Blog — The Snow Report

Today is picture day at my daughter’s daycare. In my unbiased opinion, she will be the most photogenic and adorable child present, partly due to genetics, but also partly due to the outfit my wife picked out for her last weekend at Ridgedale Mall.

I was along for the ride during this mission, and when I wasn’t checking my phone for fantasy football updates, I was giving nods of approval for the various outfits my wife considered. We were in some sort of chic designer clothing store catered to parents of infants and toddlers, so pretty much every outfit looked to be picture-day ready. We aren’t normally the type of parents to shop in such stores, but again: picture day. Out-of-state grandparents demand satisfaction.

When the decision was made, I had a conversation with the cashier that made me think about direct marketing, and how the quest for personal data seems to have become a never-ending struggle between retailers and consumers.

Cashier: Is that all for you today?

Me: Yes, thank you.

Cashier: OK, what is your email address?

Me: No, thank you.

Cashier: No problem. What is your phone number?

Me: No, thank you.

Cashier: OK. Are you a member of our rewards program?

Me: No, thank you.

And so on. Eventually I was able to hand over a credit card, take my item and leave the store. But the whole experience just left me slightly irritated. It’s not that I haven’t been through that song and dance before – indeed, nearly every retailer these days requests the same personal data if you so much as pop in for a pack of gum.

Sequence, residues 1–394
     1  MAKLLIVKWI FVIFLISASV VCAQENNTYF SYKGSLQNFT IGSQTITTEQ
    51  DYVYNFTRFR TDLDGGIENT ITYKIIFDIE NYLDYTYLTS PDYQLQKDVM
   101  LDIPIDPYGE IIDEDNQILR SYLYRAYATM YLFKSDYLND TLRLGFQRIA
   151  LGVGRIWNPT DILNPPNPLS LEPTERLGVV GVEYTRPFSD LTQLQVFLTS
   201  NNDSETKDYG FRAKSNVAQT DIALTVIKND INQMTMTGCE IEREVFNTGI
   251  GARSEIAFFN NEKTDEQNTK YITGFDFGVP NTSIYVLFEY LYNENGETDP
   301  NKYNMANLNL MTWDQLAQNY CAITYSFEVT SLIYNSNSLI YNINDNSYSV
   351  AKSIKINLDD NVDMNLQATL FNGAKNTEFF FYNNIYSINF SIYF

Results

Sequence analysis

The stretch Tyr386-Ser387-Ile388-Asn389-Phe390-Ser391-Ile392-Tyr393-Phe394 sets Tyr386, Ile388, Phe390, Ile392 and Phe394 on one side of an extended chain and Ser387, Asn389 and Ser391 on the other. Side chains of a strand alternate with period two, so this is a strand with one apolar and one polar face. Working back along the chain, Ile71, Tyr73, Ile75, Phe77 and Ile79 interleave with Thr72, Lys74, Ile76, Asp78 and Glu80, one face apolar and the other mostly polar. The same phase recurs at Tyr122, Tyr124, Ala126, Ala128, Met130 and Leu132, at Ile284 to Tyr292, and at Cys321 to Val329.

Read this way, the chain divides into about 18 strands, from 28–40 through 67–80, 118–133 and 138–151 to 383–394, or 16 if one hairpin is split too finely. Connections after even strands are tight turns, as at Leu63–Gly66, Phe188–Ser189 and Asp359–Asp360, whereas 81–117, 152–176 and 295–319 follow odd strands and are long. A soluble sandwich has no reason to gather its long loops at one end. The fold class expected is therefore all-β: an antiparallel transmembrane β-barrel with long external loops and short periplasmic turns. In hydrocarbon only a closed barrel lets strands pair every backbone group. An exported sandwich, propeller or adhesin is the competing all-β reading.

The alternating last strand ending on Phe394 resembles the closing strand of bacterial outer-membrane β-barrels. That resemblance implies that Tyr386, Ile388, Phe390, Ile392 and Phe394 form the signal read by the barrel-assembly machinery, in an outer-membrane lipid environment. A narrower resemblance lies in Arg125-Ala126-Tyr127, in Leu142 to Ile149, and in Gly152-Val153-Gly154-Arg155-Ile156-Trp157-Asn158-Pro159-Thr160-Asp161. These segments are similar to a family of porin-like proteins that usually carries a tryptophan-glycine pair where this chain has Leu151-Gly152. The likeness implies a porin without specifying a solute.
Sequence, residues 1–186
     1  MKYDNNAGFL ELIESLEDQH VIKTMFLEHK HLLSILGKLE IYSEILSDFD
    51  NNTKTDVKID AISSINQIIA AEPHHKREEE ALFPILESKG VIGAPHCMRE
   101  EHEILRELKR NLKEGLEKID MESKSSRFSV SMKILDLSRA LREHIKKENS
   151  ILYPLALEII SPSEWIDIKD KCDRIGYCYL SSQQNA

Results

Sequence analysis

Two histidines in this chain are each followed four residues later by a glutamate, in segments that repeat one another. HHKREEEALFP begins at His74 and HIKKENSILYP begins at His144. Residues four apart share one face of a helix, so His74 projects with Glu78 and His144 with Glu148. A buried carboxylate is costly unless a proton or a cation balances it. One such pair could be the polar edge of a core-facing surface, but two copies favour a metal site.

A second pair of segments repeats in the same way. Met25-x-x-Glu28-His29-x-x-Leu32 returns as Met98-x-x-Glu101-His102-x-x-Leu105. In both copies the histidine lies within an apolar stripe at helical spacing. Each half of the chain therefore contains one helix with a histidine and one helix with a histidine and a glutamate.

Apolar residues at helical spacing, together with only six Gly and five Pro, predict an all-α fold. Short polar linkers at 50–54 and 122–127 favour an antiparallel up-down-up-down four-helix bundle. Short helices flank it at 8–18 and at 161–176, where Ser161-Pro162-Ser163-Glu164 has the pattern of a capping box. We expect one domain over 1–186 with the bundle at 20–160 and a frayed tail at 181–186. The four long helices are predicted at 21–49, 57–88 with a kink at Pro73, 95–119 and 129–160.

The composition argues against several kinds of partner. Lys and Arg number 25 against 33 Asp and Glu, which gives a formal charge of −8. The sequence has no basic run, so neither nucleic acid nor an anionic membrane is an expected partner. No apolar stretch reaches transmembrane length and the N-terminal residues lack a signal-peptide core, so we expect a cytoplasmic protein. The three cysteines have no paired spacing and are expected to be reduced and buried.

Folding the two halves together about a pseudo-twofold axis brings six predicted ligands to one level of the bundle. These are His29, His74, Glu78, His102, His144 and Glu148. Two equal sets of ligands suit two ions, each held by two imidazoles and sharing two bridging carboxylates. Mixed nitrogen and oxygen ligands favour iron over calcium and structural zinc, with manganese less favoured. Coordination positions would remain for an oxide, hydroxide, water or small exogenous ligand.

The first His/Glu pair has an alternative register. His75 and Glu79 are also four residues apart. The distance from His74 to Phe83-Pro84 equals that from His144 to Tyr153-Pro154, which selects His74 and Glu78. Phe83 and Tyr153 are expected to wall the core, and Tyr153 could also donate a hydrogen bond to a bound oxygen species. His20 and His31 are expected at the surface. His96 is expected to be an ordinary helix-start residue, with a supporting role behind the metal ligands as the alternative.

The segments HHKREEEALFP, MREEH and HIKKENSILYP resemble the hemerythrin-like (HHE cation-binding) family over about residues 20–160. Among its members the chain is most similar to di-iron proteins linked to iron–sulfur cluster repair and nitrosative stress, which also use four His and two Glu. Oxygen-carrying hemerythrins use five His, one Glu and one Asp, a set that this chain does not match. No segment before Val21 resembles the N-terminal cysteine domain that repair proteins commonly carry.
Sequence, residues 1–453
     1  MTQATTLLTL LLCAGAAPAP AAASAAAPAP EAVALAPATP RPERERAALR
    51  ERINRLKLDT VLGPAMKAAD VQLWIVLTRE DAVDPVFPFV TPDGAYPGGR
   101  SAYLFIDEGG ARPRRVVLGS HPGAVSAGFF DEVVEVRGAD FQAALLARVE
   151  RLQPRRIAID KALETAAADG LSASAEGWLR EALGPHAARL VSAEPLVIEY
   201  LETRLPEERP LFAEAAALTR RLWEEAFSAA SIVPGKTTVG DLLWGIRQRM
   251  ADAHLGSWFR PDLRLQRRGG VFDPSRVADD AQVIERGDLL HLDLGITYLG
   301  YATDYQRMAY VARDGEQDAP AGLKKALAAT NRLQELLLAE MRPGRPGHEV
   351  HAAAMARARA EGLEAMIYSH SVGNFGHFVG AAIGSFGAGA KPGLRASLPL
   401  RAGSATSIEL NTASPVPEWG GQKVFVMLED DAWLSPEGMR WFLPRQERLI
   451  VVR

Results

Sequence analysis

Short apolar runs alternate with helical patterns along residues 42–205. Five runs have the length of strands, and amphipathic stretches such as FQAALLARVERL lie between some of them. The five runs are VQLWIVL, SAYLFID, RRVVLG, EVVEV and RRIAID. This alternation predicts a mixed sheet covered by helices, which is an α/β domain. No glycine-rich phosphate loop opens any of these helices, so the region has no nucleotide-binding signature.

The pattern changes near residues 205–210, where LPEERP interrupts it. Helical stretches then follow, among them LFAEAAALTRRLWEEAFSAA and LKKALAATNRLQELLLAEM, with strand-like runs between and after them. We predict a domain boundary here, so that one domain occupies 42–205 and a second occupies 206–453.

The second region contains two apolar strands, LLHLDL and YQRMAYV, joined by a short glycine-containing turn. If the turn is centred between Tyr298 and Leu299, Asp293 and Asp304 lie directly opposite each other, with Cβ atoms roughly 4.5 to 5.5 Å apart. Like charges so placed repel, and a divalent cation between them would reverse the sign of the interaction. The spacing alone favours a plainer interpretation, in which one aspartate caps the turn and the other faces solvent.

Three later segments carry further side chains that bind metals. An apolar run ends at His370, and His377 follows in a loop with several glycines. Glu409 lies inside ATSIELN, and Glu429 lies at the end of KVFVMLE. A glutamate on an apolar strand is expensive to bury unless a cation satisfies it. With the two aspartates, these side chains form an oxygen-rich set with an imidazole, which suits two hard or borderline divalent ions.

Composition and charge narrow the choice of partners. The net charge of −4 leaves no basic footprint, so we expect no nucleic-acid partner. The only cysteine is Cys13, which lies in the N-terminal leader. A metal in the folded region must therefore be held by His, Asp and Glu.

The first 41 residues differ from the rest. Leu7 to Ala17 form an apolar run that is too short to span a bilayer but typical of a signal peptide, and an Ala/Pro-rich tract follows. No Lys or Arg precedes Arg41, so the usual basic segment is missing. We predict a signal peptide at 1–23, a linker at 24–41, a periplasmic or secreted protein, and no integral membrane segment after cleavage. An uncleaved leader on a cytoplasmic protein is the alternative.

Now, I work in marketing and public relations. I get it. Customer loyalty programs are great for generating repeat business and showing appreciation for reliable patrons. Phone numbers lead to addresses which lead to direct mail offers. These campaigns can be successful, else they wouldn’t be so prevalent (more so all the time, it seems). But we don’t even have a land line. Our cell numbers won’t provide an address, and we certainly don’t want to receive offers via text message. Is there a risk that eventually there will be pushback from consumers? A polite “no, thank you” isn’t a big deal, but three or four for a single transaction, times many transactions over time add up and, if you’re like me, it sours the experience. Customers want to get in, out and on with their busy lives. The personal nature of the requests can be off-putting. Customer lists are sometimes sold to third parties leading to a greater supply of junk mail.

Retailers generally have to market to survive, and I’m not advocating they stop doing so. What I would suggest is smarter, more personal marketing that avoids holding up, or even badgering, every customer at the point-of-purchase. Also, a little employee communications coaching can go a long way. Instead of “What is your email address”, opt for a softer approach. “Would you like to provide an email so we can send you exclusive offers?” It’s more courteous, it’s transparent, and it becomes a two-way opt-in process.

Point-of-purchase data mining isn’t likely to go away any time soon. A few tweaks to the way retailers go about handling the process though could result in a better response rates, higher levels of trust, and in my case, less annoyed customers.

Regardless, I still can’t wait to see how the pictures turn out.

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